How to Design Creative Vertical Gardens
“Vertical gardening saves time and work, allowing you to spend less time tending and more time enjoying your garden.”
Derek Fell, author ‘Grow Up, Not Out, For More Vegetables and Flowers in Much Less Space’
In Part 1, we looked at some creative vertical structures to help you grow plants ‘up’ and save space in your garden. This post inspires you with more ideas on how to use two other types of vertical structures – ones to grow down and stackable systems.
Growing Down (Top-down Planting)
These vertical garden structures make the most of ‘aerial space.’ They are ideal for those living in apartments or where a ceiling, fence or railing can be utilised to make the most of the overhanging space. Use hooks and brackets to mount these vertical garden systems but make sure you check the strength of the support structure first and the weight limit for the hooks.
- Upside down grow bags (also known as Topsy-Turvy planters) – eliminate the need to weed or stake plants like tomatoes and are a good solution for those with poor (or no) soil or very limited space.
- Hanging baskets – can be positioned at different levels or hung in tiers and make excellent use of aerial space. Can be used as a vertical screen to increase privacy, add shade and colour.
- Wall mounted planters – while these planters are used for displaying and growing plants that cascade down, often the wooden or metal containers are decorative, focal points in themselves. They can be used indoors or out to help bring dull walls and rooms to life. Here are some examples:
Recycled bag planters by Lenny Librizzi
- Deck or balcony railing planters – available in a variety of sizes and styles that either sit on top of the railing or rest in brackets mounted on railings. They increase your planting area along the length or in corners of decks or balconies. Some railing planters are intended to hold pots, while others can be planted directly and planter styles include straight, corner and even stacking shapes. Available in a wide variety of materials including wood, resin, fiberglass and metals in different widths and lengths. They are ideal for low and trailing plants and can add height to railings for privacy.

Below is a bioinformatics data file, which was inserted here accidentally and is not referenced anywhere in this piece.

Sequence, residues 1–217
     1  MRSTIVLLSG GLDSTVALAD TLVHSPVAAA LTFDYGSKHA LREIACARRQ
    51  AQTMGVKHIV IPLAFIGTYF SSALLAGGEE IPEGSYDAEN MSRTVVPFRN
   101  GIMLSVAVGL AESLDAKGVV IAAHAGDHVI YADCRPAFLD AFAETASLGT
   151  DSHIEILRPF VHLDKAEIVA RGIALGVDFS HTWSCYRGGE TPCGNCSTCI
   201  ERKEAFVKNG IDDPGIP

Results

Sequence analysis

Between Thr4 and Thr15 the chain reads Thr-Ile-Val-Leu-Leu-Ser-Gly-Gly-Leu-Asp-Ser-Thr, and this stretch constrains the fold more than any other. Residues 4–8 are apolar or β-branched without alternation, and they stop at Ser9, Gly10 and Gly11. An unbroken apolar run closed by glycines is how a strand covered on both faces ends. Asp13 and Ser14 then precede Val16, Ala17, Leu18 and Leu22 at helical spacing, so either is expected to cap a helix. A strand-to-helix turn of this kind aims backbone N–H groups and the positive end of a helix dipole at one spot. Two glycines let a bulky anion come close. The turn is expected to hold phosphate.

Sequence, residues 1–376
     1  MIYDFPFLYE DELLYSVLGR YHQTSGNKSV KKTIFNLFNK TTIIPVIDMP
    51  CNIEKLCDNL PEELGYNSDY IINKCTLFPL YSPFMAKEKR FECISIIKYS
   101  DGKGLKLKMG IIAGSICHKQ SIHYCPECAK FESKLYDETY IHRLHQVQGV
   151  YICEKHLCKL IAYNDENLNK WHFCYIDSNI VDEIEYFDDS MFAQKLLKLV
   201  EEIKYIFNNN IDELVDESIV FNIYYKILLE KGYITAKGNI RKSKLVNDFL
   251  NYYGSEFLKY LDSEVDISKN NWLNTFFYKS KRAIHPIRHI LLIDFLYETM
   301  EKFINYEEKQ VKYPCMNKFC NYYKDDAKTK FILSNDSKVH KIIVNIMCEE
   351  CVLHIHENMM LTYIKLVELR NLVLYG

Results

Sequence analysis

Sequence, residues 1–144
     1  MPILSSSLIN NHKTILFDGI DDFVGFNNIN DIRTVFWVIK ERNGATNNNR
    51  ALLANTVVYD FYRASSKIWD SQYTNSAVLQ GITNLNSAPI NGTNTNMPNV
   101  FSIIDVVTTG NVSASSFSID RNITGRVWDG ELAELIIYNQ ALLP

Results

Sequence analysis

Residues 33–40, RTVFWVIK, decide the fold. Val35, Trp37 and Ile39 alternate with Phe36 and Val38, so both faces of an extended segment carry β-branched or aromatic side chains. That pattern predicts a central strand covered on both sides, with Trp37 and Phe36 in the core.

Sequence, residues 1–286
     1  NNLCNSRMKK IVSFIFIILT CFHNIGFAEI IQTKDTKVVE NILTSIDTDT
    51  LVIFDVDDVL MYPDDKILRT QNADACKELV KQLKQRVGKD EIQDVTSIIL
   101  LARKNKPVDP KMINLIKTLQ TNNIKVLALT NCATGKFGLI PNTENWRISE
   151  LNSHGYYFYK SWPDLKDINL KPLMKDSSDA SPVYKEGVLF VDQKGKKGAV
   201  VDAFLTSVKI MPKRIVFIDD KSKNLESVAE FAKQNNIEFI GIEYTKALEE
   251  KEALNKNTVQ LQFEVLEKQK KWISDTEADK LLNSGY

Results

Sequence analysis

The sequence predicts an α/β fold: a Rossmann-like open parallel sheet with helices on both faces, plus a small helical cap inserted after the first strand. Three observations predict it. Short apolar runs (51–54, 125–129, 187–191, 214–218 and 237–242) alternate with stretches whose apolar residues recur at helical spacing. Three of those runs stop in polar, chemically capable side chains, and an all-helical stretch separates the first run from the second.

- Window boxes – although originally designed to sit on a windowsill with plants cascading down, they can also be attached to the wall below a window or hung off balcony railings. One of the benefits is the convenience of reaching out to harvest fragrant edible herbs or an eye feast of colourful flowers from indoors.
You can imitate nature where you find understories and canopies and plants that grow in nooks and crannies, by taking a layered approach to maximise vertical growing space.
Some options include:
- Multi-tiered shelving – all sorts of furniture items have suitable shelves or you can make your own.
- Tiered stackable planter systems like this Stack-A-Pot with a self-watering system and drip tray are neat self-contained mini gardens.
- Greenhouses and shade houses with shelves are a tiered growing system. Many are now small enough to fit on a balcony.
- Planter boxes – available in a variety of sizes, they can be positioned in tiers to maximise a tiny space like a balcony or verandah.
- Strawberry and herb pots with multiple planting holes make practical micro gardens, maximising use of vertical space even in a container.
- Raised garden beds – a popular choice in many small gardens – particularly those that have no or poor soil, raised beds can also be terraced to stack one space on top of another, maximising the growing area. This vertical solution also suits sloping gardens which naturally lend themselves to terracing with raised beds. With pavers or stepping stones in between for access, this opens up the possibilities to what you can grow!
- Ladders and plant stands – with a little imagination, you can create plant stands with anything that has steps.
Click below to learn more about vertical gardening
Your support of this site is appreciated!
Want more space saving garden ideas? If you missed it, read Add Space with Creative Vertical Gardens: Part 1; 12 Reasons Why You Should Garden Vertically and 15 Helpful Design Tips for Vertical Gardens. You can find more Clever Design Ideas in the Container Gardening category.
Did you find this information helpful? Feel free to leave a comment below or share it. Keep up to date with new posts by subscribing to my newsletter (and grab your free eBook) or click on the RSS feed below or to the right.
© Copyright Anne Gibson, The Micro Gardener 2010-2013 – http://www.themicrogardener.com. All rights reserved.